Iran says 'significant progress' made in nuclear talks, but key issues remain
Iran and six world powers have made significant progress in talks to revive their 2015 nuclear deal but important issues still need to be resolved, a spokesperson for the Iranian Ministry of Foreign Affairs said on Monday.
Iran and western countries have been negotiating in Vienna since April to work out the steps that Tehran and Washington must take on sanctions and for nuclear activities to return to full compliance with the pact.
"Each round of talks in Vienna could have been the final round. We should not rush. We have made significant progress but key issues remain," Saeed Khatibzadeh, a foreign ministry spokesman, told a televised weekly news conference. "There is no stalemate in the talks."
Three years after former US President Donald Trump ditched the deal and reimposed sanctions on Iran, Tehran has been rebuilding stockpiles of uranium, enriching it to higher levels of fissile purity and installing advanced centrifuges to speed up production.
Iran's top nuclear negotiator doubted that the talks were in their final stage, adding that the delegations might need to return to their capitals for consultations.
"The negotiations are very complex and we have now reached the main issues of dispute," Abbas Araghchi told state TV from Vienna.
Iran's reversal of its various breaches of the deal and its enrichment with advanced centrifuges and production of uranium metal are some of the remaining issues, according to sources that spoke to Reuters.
A minefield laid by Trump
US President Joe Biden has said Washington will return to the pact if Tehran first resumes compliance with its strict limits on uranium enrichment, a potential pathway to nuclear bombs.
But Iran has called for the sanctions to be removed first and foremost.
"All sanctions should be lifted and then it should be verified by Iran ... then we will reverse our nuclear steps," Khatibzadeh said.
In looking for a path back to the accord, Washington is tiptoeing through a minefield laid by Trump. Iran-related sanctions have been imposed on more than 700 entities and people, according to a Reuters tally of US Treasury actions.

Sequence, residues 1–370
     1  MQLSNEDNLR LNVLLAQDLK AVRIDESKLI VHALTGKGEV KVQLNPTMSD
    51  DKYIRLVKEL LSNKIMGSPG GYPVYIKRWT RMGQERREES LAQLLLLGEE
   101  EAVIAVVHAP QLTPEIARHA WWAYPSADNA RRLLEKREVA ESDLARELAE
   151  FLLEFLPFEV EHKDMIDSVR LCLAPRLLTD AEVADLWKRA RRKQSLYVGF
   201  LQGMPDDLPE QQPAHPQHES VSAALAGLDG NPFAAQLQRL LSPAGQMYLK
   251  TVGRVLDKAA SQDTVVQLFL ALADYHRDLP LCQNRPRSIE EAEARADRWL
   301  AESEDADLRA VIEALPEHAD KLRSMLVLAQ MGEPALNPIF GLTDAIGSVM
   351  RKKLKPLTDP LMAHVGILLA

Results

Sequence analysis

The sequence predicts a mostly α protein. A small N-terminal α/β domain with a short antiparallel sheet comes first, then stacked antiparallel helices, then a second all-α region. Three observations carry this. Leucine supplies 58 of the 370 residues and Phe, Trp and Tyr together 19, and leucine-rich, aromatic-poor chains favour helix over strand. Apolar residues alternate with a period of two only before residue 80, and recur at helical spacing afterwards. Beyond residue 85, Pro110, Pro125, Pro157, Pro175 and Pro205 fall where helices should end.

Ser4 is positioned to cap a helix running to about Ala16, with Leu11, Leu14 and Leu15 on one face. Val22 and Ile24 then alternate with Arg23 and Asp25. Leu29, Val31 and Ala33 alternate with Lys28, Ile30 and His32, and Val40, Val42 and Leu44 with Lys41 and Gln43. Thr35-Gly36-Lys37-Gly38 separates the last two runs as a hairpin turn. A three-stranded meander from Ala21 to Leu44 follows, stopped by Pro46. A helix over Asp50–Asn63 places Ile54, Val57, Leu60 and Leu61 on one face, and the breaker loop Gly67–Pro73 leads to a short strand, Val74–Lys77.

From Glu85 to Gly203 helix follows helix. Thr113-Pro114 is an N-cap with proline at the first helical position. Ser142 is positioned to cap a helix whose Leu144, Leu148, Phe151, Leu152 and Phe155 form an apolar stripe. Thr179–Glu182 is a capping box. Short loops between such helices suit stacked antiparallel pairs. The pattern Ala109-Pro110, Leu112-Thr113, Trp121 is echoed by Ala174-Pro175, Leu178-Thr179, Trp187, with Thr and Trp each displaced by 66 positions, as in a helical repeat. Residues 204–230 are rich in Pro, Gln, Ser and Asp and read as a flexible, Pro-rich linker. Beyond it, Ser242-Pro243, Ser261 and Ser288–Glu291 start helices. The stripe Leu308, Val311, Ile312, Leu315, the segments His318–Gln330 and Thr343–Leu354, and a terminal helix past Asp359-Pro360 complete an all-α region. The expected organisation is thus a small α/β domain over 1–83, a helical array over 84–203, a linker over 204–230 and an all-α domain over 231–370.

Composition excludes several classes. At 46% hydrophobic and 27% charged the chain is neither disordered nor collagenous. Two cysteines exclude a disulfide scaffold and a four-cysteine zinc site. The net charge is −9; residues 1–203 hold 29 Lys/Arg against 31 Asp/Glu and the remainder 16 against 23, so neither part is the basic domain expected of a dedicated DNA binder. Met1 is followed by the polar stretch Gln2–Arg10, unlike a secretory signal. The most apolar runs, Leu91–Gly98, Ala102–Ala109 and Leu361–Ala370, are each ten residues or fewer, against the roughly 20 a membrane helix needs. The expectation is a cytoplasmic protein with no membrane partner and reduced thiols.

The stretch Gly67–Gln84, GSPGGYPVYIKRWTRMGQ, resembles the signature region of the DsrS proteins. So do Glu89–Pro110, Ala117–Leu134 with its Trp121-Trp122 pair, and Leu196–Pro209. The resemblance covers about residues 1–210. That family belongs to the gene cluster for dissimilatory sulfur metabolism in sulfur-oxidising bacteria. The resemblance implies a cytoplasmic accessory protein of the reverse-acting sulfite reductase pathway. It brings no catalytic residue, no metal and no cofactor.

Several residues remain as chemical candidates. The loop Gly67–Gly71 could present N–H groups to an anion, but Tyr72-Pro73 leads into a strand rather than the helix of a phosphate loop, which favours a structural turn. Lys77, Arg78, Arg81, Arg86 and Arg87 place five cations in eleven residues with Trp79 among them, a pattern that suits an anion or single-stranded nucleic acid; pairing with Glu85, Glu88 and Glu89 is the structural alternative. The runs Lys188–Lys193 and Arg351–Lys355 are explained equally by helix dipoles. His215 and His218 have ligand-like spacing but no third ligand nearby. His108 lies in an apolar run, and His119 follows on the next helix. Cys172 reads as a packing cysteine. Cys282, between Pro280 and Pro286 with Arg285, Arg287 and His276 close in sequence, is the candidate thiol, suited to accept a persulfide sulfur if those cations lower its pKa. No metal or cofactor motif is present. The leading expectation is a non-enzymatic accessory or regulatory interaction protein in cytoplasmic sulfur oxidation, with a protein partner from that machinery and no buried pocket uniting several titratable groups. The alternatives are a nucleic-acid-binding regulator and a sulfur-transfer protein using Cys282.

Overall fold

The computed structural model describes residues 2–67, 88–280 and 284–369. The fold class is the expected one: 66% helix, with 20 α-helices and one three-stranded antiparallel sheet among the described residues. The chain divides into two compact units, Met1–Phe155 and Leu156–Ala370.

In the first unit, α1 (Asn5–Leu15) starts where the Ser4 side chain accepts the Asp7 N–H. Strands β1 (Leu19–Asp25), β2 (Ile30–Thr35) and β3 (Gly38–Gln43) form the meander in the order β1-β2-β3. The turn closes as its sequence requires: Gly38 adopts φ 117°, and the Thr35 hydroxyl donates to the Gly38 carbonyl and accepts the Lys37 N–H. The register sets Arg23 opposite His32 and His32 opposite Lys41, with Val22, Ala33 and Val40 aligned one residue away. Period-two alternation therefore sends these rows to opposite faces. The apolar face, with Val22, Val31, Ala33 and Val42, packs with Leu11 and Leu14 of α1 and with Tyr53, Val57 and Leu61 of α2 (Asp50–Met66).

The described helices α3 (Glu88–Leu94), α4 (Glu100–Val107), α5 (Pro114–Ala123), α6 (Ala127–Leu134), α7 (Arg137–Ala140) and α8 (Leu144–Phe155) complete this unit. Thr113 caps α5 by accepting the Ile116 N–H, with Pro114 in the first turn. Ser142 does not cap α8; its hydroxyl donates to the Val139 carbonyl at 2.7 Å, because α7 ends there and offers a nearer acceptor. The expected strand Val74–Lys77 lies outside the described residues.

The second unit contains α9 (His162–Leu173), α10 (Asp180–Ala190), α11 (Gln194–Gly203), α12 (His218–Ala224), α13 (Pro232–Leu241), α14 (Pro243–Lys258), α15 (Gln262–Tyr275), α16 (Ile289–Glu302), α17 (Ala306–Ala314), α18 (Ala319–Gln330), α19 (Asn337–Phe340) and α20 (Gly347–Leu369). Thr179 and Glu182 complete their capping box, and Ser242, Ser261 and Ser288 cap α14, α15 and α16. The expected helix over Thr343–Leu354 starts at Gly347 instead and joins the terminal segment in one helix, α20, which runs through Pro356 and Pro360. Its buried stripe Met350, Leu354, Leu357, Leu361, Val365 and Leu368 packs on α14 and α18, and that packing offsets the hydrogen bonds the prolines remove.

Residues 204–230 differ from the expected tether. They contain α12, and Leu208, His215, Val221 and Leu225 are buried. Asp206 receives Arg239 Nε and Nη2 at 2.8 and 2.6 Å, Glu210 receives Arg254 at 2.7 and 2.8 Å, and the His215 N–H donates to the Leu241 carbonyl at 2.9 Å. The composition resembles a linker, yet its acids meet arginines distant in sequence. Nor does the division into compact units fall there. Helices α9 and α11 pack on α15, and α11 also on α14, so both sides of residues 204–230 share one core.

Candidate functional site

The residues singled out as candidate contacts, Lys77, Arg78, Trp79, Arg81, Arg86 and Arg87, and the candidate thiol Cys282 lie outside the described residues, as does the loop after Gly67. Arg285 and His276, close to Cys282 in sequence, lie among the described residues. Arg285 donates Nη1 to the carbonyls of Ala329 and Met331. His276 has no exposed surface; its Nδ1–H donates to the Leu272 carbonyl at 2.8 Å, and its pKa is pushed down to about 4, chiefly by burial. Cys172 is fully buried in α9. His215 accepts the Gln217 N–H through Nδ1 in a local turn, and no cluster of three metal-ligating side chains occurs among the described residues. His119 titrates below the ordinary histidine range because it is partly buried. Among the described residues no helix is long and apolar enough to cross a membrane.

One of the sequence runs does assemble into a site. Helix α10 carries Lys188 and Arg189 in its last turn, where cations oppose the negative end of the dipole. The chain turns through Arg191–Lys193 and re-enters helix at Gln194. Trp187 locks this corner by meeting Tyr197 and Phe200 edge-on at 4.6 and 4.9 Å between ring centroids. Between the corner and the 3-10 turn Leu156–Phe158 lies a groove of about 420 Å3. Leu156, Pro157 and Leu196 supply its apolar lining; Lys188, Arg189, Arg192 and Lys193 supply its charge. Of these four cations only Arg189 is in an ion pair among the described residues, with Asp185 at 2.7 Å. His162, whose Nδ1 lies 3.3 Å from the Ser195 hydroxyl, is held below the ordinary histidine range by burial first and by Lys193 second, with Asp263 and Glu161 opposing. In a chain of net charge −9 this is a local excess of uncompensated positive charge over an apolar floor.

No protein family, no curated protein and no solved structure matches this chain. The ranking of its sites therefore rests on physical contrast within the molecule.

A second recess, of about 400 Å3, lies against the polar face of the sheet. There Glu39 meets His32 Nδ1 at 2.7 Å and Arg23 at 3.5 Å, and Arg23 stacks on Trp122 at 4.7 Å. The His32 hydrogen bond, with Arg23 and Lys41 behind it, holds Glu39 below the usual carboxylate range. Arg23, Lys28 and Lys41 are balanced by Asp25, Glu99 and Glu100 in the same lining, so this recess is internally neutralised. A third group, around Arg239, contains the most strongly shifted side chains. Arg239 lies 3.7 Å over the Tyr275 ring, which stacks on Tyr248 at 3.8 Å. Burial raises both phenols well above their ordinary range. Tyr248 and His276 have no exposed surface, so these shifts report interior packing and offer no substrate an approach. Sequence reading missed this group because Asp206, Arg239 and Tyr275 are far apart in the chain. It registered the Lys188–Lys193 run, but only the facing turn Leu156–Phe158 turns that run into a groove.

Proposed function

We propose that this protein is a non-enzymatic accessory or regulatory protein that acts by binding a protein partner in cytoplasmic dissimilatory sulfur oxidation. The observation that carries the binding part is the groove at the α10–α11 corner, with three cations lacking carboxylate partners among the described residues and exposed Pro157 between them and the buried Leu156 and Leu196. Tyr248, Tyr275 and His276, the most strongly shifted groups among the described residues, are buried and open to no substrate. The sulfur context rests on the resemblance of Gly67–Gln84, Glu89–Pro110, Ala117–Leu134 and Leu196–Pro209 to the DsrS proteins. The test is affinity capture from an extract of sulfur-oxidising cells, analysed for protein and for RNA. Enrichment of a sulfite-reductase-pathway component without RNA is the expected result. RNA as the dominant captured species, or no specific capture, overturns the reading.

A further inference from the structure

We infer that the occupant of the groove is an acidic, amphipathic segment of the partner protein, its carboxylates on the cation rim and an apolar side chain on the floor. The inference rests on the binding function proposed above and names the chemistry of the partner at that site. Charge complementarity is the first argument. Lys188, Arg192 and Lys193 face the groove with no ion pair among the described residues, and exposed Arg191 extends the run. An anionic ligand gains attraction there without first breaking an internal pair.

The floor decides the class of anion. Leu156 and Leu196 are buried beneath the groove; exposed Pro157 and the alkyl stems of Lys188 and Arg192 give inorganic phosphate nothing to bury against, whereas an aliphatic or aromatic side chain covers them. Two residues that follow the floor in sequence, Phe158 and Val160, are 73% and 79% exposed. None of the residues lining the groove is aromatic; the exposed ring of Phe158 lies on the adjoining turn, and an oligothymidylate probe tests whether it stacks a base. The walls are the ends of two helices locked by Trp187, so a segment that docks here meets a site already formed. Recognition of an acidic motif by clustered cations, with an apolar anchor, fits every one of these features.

'All sanctions should be lifted and then it should be verified by Iran ... then we will reverse our nuclear steps'
- Saeed Khatibzadeh, Iranian foreign ministry
Iran demands all sanctions imposed under Trump - those tied to its nuclear programme, and non-nuclear penalties such as those linked to terrorism, missile development and human rights - should be rolled back.
"This is one of the key issues that has slowed down the talks. All sanctions, whether nuclear or non-nuclear, imposed by Trump should be lifted," an Iranian official told Reuters.
Trump blacklisted about two dozen institutions vital to Iran's economy, including its central bank and national oil company, using US laws designed to punish foreign actors for supporting terrorism or weapons proliferation.
His decision to blacklist Iran's elite Revolutionary Guards (IRGC) and its Quds Force foreign paramilitary and espionage arm as a foreign terrorist organisation has also complicated matters.
The IRGC also an industrial empire whose political influence is expected to grow after Iran's June presidential election, when a hardline president close to the elite force is expected to win.
Calls for tripling oil output
Meanwhile, Iran’s Oil Minister Bijan Namdar Zanganeh on Monday, ahead of a meeting of major producing nations, said that his country should almost triple its crude output as a "priority" to boost its political clout.
As Iran gears up for June's presidential elections, Zanganeh called on "any incoming administration to make raising oil output to 6.5m barrels [per day] its first priority".
Iran produced 2.3m barrels per day in March, according to the latest data from the Organisation of the Petroleum Exporting Countries (OPEC).
Zanganeh's remarks, carried by the ministry's news agency Shana, came a day before a meeting of the OPEC+ bloc, made up of cartel members - among them Iran - and 10 other oil exporters.
The meeting could result in an output boost as demand recovers from a coronavirus-induced collapse last year.
Boosting Iran's oil output would also amount to increasing the country's "security and political power", Zanganeh said.
He added that Iran could "easily" achieve such a target, which would not be a "strange or unattainable goal".
Zanganeh, who has headed the oil ministry for almost 16 years in total, has said he plans to retire after President Hassan Rouhani leaves office in August.
Iranians are set to vote on 18 June to choose a successor to Rouhani, who is constitutionally barred from running after two consecutive terms.